Here are the tables, formulas, charts, diagrams, figures, key methods and worked-out problems engineers in design, product development, operation, production, analysis, and economic evaluation must have for successful day-to-day problem solving.
This dynamic one-volume database provides reliable, ready-to-apply solutions to literally hundreds of engineering problems — formatted for convenient instant access and carefully culled from McGraw-Hill’s most popular and respected handbooks, textbooks, and specialized technical books.
McGraw-Hill’s Engineering Companion contains sections on the basics of engineering science and key methods and tools in every branch of engineering:
* mechanical engineering
* civil engineering
* electrical engineering
* electronic engineering
* metallurgical engineering
* architectural and building engineering
* and more
Covering all major engineering fields and extensively updated for maximum usability, this is the perfect working tool for today’s new breed of engineer.
This book is designed to be a portable reference with a depth of coverage not found in "pocketbooks" of formulas and definitions and without the verbosity, high price, and excessive size of the huge encyclopedic handbooks. If an engineer needs a quick reference for a wide array of information, yet does not have a full library of textbooks or does not want to spend the extra time and effort necessary to search and carry a six pound handbook, this book is for them.* Covers all major areas of mechanical engineering with succinct coverage of the definitions, formulae, examples, theory, proofs and explanations of all principle subject areas
"A fabulous book: well written, well paced, fun, and informative. I also love the sense of humor. It's very good at disarming the fear. And it's gorgeous. I'll be recommending this book highly."
--Tom Igoe, author of Physical Computing and Making Things Talk
Want to learn the fundamentals of electronics in a fun, hands-on way? With Make: Electronics, you'll start working on real projects as soon as you crack open the book. Explore all of the key components and essential principles through a series of fascinating experiments. You'll build the circuits first, then learn the theory behind them!
Build working devices, from simple to complex You'll start with the basics and then move on to more complicated projects. Go from switching circuits to integrated circuits, and from simple alarms to programmable microcontrollers. Step-by-step instructions and more than 500 full-color photographs and illustrations will help you use -- and understand -- electronics concepts and techniques.Discover by breaking things: experiment with components and learn from failure Set up a tricked-out project space: make a work area at home, equipped with the tools and parts you'll need Learn about key electronic components and their functions within a circuit Create an intrusion alarm, holiday lights, wearable electronic jewelry, audio processors, a reflex tester, and a combination lock Build an autonomous robot cart that can sense its environment and avoid obstacles Get clear, easy-to-understand explanations of what you're doing and why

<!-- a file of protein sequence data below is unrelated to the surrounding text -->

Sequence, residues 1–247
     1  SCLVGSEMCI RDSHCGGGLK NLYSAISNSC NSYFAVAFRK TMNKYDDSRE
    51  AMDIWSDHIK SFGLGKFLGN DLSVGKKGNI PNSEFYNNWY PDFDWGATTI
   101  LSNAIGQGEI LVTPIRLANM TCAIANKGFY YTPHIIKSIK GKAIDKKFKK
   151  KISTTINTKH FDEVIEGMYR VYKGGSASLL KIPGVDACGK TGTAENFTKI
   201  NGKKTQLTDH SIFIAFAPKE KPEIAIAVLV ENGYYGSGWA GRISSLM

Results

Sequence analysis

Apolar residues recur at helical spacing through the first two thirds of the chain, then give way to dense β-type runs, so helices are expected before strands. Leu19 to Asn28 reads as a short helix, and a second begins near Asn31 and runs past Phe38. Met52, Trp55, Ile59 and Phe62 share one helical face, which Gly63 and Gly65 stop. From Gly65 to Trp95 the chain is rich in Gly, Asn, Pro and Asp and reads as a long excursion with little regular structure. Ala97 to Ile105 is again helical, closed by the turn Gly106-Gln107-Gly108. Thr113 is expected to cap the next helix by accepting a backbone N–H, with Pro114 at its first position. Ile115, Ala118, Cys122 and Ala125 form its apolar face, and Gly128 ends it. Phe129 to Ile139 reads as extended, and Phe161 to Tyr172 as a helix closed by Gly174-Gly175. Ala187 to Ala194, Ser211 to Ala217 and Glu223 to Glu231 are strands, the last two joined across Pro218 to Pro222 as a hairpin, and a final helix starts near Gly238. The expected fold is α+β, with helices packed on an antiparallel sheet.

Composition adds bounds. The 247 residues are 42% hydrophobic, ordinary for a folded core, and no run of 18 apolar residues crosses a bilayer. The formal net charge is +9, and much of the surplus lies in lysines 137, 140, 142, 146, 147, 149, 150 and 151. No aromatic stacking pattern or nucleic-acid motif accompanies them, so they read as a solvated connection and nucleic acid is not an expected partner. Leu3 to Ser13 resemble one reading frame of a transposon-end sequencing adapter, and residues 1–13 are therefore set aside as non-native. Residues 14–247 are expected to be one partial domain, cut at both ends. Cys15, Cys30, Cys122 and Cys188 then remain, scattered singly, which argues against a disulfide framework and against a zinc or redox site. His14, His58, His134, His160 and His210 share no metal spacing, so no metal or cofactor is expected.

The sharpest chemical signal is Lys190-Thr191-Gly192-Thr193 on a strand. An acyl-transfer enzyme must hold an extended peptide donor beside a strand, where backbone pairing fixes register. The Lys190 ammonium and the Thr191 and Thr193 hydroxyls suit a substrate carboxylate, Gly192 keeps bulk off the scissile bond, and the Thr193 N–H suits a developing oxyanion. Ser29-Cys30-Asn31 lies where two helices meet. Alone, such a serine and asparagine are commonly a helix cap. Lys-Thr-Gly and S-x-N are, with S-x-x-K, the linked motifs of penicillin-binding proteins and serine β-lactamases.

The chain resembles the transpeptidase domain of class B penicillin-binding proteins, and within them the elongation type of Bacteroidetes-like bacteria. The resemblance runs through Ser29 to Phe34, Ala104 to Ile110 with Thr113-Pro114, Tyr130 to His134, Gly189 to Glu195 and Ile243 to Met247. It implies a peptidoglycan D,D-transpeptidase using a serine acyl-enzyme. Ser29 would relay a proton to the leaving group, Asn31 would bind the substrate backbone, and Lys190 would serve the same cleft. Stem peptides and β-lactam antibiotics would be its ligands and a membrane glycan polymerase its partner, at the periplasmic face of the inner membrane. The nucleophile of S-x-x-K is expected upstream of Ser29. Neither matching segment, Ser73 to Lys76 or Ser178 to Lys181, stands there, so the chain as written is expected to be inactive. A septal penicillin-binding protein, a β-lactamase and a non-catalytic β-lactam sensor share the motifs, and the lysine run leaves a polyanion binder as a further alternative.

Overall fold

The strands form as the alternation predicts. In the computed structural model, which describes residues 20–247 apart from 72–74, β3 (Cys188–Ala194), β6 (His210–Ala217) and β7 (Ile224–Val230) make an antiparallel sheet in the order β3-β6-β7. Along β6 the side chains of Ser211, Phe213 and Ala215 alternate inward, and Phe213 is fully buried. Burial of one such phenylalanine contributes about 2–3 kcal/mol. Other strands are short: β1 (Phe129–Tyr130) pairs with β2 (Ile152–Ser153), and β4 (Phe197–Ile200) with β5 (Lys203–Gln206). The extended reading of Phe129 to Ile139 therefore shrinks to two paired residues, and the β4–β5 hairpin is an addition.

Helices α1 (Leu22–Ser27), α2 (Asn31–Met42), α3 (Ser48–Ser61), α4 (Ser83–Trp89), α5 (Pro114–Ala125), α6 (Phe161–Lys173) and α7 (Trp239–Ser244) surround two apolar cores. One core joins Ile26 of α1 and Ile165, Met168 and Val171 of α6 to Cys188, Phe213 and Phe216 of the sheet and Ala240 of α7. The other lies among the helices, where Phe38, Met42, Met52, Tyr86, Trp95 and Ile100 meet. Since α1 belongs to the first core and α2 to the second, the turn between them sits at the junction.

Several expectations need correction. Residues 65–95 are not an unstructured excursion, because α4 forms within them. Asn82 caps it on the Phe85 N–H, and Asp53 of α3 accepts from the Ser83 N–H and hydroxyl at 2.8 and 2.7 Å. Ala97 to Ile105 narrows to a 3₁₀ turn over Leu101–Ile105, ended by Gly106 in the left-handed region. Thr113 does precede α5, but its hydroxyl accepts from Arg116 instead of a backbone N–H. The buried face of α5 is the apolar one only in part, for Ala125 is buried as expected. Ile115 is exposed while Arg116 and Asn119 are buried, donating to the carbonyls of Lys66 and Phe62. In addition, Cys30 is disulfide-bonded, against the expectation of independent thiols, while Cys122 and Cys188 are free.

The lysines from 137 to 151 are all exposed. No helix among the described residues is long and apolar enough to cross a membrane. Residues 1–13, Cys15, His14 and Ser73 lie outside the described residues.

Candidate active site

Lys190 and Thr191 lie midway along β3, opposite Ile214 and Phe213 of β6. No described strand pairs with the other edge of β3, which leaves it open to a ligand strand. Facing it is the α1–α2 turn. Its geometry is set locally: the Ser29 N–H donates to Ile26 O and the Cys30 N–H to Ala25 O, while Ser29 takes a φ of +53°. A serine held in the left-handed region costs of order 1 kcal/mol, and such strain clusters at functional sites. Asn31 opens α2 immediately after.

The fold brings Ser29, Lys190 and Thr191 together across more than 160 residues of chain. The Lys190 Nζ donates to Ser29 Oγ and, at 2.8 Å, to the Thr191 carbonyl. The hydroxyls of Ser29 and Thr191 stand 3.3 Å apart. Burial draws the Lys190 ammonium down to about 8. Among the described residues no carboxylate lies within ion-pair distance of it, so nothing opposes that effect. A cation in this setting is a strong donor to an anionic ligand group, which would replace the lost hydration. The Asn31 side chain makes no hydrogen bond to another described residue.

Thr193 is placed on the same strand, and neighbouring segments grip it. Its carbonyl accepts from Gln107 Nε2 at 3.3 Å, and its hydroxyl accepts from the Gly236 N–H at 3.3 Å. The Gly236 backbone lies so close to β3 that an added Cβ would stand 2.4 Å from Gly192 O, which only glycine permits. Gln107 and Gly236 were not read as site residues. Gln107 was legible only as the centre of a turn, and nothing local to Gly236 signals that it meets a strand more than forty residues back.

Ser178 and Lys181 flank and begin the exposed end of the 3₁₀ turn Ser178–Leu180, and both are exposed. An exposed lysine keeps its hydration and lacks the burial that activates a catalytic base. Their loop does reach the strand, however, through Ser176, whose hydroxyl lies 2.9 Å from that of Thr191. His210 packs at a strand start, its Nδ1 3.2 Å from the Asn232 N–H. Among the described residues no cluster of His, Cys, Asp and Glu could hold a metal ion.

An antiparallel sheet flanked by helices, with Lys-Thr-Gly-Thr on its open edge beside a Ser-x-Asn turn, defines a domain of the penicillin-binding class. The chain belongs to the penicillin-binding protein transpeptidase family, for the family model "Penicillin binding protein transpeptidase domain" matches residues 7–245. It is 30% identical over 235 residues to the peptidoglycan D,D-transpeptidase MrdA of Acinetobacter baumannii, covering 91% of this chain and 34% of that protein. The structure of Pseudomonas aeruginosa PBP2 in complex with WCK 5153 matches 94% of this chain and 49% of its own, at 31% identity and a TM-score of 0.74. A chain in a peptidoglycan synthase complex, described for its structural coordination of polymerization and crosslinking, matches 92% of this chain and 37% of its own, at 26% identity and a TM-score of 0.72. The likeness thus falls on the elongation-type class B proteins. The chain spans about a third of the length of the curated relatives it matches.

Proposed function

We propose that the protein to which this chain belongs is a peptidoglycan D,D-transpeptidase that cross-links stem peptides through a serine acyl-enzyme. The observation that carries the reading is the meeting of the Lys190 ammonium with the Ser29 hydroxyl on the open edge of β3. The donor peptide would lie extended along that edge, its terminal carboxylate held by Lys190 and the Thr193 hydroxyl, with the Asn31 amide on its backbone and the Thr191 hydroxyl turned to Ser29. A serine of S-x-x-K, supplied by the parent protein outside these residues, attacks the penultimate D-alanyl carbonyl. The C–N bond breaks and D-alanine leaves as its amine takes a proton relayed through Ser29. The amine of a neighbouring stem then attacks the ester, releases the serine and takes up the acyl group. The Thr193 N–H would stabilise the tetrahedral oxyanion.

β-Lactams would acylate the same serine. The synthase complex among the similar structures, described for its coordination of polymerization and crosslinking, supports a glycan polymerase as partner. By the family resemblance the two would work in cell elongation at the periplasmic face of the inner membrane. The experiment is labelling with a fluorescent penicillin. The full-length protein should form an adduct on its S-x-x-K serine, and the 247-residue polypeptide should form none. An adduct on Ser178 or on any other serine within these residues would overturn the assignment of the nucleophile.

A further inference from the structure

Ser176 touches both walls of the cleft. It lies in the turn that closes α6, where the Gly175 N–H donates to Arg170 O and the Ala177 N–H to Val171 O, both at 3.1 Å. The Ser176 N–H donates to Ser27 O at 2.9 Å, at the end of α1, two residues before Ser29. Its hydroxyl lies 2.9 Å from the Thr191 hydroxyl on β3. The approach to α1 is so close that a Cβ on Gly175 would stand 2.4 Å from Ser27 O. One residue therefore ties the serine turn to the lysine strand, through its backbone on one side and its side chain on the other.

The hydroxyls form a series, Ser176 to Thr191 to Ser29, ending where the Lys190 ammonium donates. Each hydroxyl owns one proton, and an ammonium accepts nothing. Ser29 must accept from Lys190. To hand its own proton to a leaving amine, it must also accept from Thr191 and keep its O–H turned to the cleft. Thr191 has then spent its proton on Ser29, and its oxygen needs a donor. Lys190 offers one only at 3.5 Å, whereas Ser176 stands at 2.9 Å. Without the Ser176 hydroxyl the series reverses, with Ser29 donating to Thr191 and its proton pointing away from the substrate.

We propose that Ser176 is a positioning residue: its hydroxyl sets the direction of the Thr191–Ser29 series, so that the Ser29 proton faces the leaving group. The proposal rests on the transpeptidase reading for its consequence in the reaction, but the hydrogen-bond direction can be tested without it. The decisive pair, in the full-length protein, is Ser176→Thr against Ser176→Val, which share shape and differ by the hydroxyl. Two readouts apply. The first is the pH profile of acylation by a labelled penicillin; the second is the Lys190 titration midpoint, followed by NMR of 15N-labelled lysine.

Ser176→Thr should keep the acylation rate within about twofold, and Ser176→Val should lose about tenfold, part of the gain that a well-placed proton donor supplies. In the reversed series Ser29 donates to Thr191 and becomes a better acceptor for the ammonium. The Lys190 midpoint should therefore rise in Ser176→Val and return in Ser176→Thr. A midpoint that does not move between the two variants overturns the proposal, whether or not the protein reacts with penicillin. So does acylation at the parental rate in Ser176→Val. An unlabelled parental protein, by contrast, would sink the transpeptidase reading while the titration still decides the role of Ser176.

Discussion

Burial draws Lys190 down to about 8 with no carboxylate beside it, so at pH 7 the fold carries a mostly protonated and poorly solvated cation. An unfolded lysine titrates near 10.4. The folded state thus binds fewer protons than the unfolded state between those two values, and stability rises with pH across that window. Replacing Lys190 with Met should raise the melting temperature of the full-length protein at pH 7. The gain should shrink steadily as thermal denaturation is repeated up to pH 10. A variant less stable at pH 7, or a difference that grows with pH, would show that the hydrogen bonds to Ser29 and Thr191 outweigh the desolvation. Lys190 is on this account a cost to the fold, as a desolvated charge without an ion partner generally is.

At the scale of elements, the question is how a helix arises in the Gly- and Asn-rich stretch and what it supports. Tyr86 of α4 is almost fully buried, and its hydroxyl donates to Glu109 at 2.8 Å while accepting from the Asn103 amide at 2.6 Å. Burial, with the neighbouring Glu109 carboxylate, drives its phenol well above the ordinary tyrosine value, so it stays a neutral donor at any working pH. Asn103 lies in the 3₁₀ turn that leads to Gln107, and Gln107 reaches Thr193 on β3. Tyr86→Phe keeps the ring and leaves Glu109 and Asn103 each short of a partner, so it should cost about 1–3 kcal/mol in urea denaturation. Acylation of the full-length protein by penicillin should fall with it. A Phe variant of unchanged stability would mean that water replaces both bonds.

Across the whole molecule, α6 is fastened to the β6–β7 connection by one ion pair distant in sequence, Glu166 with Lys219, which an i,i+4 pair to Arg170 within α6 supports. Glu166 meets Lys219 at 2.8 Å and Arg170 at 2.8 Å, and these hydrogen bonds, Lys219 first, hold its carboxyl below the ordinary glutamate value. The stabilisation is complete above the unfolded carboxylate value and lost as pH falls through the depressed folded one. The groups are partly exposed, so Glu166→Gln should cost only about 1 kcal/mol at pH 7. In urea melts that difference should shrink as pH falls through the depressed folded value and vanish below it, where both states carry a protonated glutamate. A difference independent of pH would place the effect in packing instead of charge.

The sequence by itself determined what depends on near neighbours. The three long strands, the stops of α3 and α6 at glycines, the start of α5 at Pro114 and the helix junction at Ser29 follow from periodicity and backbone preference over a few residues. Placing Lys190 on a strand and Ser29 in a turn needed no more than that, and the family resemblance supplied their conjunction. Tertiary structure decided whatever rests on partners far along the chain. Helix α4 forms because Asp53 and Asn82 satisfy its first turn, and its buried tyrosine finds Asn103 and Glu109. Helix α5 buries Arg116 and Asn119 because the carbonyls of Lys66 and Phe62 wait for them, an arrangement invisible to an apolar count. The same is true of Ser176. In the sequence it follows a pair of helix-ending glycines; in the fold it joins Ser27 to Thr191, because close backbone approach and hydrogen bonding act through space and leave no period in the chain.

Human knowledge is collective, distributed across the population. It has built on itself for centuries, becoming vast and increasingly specialized. Most of us are ignorant about the fundamental principles of the civilization that supports us, happily utilizing the latest—or even the most basic—technology without having the slightest idea of why it works or how it came to be. If you had to go back to absolute basics, like some sort of postcataclysmic Robinson Crusoe, would you know how to re-create an internal combustion engine, put together a microscope, get metals out of rock, or even how to produce food for yourself?
Lewis Dartnell proposes that the key to preserving civilization in an apocalyptic scenario is to provide a quickstart guide, adapted to cataclysmic circumstances. The Knowledge describes many of the modern technologies we employ, but first it explains the fundamentals upon which they are built. Every piece of technology rests on an enormous support network of other technologies, all interlinked and mutually dependent. You can’t hope to build a radio, for example, without understanding how to acquire the raw materials it requires, as well as generate the electricity needed to run it. But Dartnell doesn’t just provide specific information for starting over; he also reveals the greatest invention of them all—the phenomenal knowledge-generating machine that is the scientific method itself.
The Knowledge is a brilliantly original guide to the fundamentals of science and how it built our modern world.